Disc Jockey (DJ)/Announcer

Disc jockeys, also known as DJs, broadcast music over radio stations. They must ensure that commercials, interviews and commentary are delivered on time, per a schedule set by management. This career typically requires a strong personality and a clear voice. Aspiring DJs usually complete an associate’s or bachelor’s degree program in a field like radio broadcasting or journalism. Work experience is also important in this career field, and degree programs typically include internships to help students get experience at radio stations.

Disc Jockey Job Description

Disc jockeys often work for radio stations in soundproof studios. They might specialize in a certain type of music, such as classic rock, pop or contemporary R&B. Experienced disc jockeys sometimes get to choose which time slot they want to work, but most of those just starting out in the field have to take night or early morning shifts.

Others working in the disc jockey profession are self-employed and use their own equipment to provide entertainment at nightclubs or restaurants. They also might supply music and sound system services at special events, such as weddings and corporate banquets.


1) Announces radio program of musical selections: Selects phonograph or tape recording to be played based on program specialty, knowledge of audience taste, or listening audience requests.

2) Comments on music and other matters of interest to audience, such as weather, time, or traffic conditions.

3) May interview musical personalities.

4) May interview members of listening audience who telephone musical requests.

5) May specialize in one type of music, such as classical, pop, rock, or country and western.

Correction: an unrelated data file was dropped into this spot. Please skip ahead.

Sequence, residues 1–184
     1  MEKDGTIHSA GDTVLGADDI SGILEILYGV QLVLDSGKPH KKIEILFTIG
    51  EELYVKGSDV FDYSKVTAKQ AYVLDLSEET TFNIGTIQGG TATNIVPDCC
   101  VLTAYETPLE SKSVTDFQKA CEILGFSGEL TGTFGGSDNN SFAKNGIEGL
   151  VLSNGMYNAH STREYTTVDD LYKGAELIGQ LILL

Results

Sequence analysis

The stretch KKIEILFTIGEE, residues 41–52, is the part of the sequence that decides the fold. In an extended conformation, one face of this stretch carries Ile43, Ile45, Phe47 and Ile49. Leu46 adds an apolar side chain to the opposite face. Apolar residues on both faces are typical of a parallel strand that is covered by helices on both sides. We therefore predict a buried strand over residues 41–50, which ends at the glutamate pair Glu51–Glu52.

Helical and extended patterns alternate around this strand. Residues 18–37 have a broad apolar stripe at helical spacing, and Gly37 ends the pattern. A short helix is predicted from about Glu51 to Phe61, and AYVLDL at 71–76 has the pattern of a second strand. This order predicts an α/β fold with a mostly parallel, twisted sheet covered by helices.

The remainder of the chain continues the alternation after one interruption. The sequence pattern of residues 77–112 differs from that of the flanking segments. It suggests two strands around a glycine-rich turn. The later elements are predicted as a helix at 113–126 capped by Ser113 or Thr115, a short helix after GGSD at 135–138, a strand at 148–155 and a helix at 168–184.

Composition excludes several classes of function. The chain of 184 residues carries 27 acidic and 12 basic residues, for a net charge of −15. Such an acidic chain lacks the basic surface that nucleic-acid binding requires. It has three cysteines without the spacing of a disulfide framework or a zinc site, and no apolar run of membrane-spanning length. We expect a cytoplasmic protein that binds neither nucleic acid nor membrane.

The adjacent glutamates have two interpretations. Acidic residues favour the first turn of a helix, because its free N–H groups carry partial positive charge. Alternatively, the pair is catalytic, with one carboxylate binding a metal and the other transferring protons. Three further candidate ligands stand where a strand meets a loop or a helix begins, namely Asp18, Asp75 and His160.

6) May write entries onto log to provide information on all elements aired during broadcast, such as musical selections and station promotions.

7) May be designated Combination Operator when operating transmitter or control console.


Job Duties of a Disc Jockey

With the use of technology today, most radio broadcasts are timed and automated. Thus, a disc jockey mainly ensures that his or her program is running smoothly, while occasionally speaking live to the audience. This might include holding radio contests, taking song requests, questioning callers and performing interviews.

Disc jockeys sometimes appear at live events, such as concerts or radio station-sponsored parties. They also tend to take part in a variety of other promotional events, which can be held in locations as varied as shopping malls, parks or parking lots. Additionally, disc jockeys may be required to make updates to their radio stations’ websites.

DJ Job Requirements

An associate’s or bachelor’s degree program in radio broadcasting can familiarize aspiring disc jockeys with software and equipment used in this field, and classes in business and marketing can teach them to target certain demographics and draw in new listeners. Additionally, many employers look for job candidates with substantial experience. Prospective DJs can gain entry-level experience through jobs at college, university or small-market radio stations or internships at larger stations.

Beyond training and experience requirements, a disc jockey must have excellent communication skills and be able to maintain a pleasant and controlled voice with good pronunciation and word timing. A DJ also needs to stay current on news and entertainment events.


Must be AVAILABLE Friday & Saturdays from 3PM-7PM

Must have DJ Equipment, and reliable transportation

Must be willing to talk on-air, and interact with callers/listeners

Must wear station gear provided during live remotes


Commission Based Pay (40%)

To Top